In our analysis the emission lines of He I are used, and the emission region was surely ionization limited, because P Cyg type absorption features of H I and He I were seen. For these reasons our result may represent a more realistic helium abundance.
Various distances have been proposed for this object, e.g.
3.3- 8.6 kpc (Kato 1990), 14.89 kpc
(Webbink et al. 1987). Recently, Hachisu et al. (2000a)
compared the light curve of the present outburst with their model of
thermonuclear burning on a massive white dwarf and proposed a distance of
6 kpc. Hachisu et al. (2000b)
obtained nearly the same distance also in the study of the luminosity of
this object in the quiescent stage. Using the distance of 6 kpc and the
intensity of H
in Table 3, we have
Hachisu et al. (2000a) suggest that the mass of the white dwarf in the system of U Sco is 1.37 . The luminosity at light maximum may be close to the Eddington limit of the white dwarf. If we assume the effective temperature of the photosphere as 8000 K, the apparent magnitude is , where we adopted D = 6 kpc and AV = 0.6. This result is consistent with the observed ones. At the same time the radius of the photosphere is about km.
We assume that the radius of the ejecta at light maximum was equal to that
of the photosphere. Since our first spectrum was taken about 16 hours after
maximum, the outer radius of the ejecta may have been about
where the expanding velocity was estimated as 4000 kms-1
from the width of H
emission line. The variation of the inner radius
of the ejecta being due to the shrinking of the photosphere may not be
necessary to take into account in our rough estimate. The volume of the
ejecta was about
km3 if it was spherical, and we have,
As mentioned before, the helium atoms in the ejecta may have been singly ionized at that time. According to the helium abundance of 0.16 obtained in the previous section, the total mass of the ejecta should be 1.4 times higher than the mass of the hydrogen. Therefore, the total mass of the ejecta is for or for . These results are higher than that of Williams et al. (1981), 10 , obtained on the 1979 outburst.
In the model of Hachisu et al. (2000a) the mass loss in one outburst is expected to be . Dr. I. Hachisu kindly informed me that the mass loss rate in their model at light maximum is , namely the mass lost in the first 16 hours is . Our result agrees with their model if the factor is , namely if the ejecta was a fat ring.
|Figure 6: The medium dispersion spectrum taken on March 8.2 UT, 11 days after maximum. The unit of the ordinate is 10-14 erg cm-2s-1 Å-1.|
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A medium dispersion spectrum was taken on March 8 (JD: 2451245.7), 10.6 days after maximum when the V magnitude was about 13. The spectral range was from 4000 to 5100 Å, and the resolution was . A trace of the spectrum is shown in Fig. 6, where the unit of the ordinate is 10-14 erg cm-2s-1 Å-1. The emission line of He II 4686 is stronger than H, and the emission complex around 4640 Å, which may be due mainly to N III 2, 4634.2, 4640.6, and 4641.9, is prominent. The emission feature at 4100 Å could be identified as N III 1, 4097.3 and 4103.4. These spectral features are similar to those of the spectra taken on July 2 and 3, 1979 (Barlow et al. 1981), on May 21.87, 1987 (Sekiguchi et al. 1988) and on May 22, 1987 (Rosino & Iijima 1988). All these observations were made when V mag was about 13.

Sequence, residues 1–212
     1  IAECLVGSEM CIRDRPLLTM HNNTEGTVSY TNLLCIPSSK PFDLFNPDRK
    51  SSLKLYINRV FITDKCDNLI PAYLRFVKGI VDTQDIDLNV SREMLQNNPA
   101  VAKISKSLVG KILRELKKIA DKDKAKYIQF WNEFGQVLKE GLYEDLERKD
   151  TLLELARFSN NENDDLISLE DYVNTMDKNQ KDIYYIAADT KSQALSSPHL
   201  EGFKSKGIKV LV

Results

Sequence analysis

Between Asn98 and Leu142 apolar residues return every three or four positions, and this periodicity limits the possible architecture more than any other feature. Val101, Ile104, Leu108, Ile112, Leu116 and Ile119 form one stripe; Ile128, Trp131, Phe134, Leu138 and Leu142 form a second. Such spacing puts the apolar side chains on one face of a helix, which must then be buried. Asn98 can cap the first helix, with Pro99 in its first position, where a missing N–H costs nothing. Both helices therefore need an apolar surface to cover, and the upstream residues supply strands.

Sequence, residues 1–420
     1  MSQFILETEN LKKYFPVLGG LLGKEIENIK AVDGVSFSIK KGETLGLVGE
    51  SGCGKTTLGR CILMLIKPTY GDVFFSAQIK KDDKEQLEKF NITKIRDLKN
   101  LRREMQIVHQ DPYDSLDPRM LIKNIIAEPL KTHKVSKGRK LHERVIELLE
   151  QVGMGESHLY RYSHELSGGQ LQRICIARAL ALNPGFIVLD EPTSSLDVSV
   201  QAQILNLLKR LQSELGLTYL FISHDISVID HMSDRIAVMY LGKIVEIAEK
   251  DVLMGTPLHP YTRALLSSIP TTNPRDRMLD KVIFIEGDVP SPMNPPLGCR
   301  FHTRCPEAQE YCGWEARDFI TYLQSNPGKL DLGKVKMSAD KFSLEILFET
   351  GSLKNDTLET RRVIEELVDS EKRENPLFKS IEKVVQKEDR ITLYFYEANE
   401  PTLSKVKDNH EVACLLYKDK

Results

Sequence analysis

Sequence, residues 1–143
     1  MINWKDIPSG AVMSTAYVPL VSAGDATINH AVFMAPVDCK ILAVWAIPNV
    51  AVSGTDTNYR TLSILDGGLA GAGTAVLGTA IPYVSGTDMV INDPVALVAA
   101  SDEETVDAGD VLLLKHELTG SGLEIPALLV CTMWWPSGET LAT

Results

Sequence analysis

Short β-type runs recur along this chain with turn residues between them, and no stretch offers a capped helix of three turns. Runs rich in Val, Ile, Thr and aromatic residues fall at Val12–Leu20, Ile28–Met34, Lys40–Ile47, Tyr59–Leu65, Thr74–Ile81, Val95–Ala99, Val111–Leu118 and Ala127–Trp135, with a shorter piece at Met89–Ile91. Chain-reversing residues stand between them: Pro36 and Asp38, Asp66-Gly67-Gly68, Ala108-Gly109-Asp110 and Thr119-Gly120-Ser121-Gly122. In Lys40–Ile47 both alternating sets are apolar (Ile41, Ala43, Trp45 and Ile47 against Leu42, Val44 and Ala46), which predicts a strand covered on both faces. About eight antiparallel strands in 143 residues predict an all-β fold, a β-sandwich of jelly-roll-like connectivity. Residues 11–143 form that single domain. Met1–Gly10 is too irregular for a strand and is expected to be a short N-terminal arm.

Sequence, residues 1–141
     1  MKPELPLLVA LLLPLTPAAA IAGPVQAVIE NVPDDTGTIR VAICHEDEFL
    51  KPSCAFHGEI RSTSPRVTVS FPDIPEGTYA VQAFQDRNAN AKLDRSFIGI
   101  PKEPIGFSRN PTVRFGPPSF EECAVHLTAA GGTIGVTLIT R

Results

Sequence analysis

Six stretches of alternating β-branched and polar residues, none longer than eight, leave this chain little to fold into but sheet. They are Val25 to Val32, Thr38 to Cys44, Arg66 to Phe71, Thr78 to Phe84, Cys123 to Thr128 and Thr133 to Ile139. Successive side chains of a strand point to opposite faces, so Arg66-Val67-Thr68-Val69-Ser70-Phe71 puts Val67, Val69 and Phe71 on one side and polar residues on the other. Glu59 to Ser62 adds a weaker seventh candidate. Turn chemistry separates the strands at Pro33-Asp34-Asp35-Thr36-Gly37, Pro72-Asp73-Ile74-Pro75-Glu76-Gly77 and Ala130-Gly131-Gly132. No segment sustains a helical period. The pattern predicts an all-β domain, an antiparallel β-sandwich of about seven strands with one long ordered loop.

Another high dispersion spectrum was taken on March 14.17 UT (JD:
2451251.67), when the V magnitude was about 14. Figure 7 shows the emission
feature of H,
where the unit of the ordinate is 10-14 erg cm-2s-1 Å-1.
again has three emission components in this spectrum, but the full
width and the widths of the individual components have significantly
decreased with respect to those of the first spectrum. The radial velocities
of these peaks are -1560 kms-1, +60 kms-1 and +1800 kms-1, respectively and
the FWHM is about 4060 kms-1. In contrast to the first spectrum, the blue peak
is more intense than the others. The narrowing of the prominent emission
lines with time is reported also in other works (Munari et al.
1999; Anupama & Dewangan 2000).
|Figure 7: H region of the high dispersion spectrum taken on March 14.1 UT, 17 days after maximum. The unit of the ordinate is 10-14 erg cm-2s-1 Å-1.|
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|Figure 8: The spectral region 4500-5100 Å of the spectrum of 17 days after maximum.|
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Figure 8 shows the spectral range 4600-5000 Å. H also has three peaks of which radial velocities are -1600 kms-1, +80 kms-1 and +1980 kms-1, respectively. The emission line of He II 4686, which is stronger than H, seems to have no satellite emission component, or at least the satellite components are very weak. The central emission component of He II 4686 splits into two peaks the radial velocities of which are 160 kms-1 and -120 kms-1.
The helium abundance, N(He)/N(H) = , is less than one tenth of that derived by Barlow et al. (1981), and is not different from those of usual classical novae. This result seems to require us to change our interpretation of the outbursts of this object.
I am grateful to Profs. I. Hachisu and M. Kato for the useful discussions and comments, and to Prof. R. Barbon for the careful reading of the manuscript and useful suggestions. Thanks are also due to Dr. T. Kato, Dr. D. Nogami, Mr. S. Kiyota, and many other professional and amateur astronomers who supplied photometric data of U Sco on the VS-Net.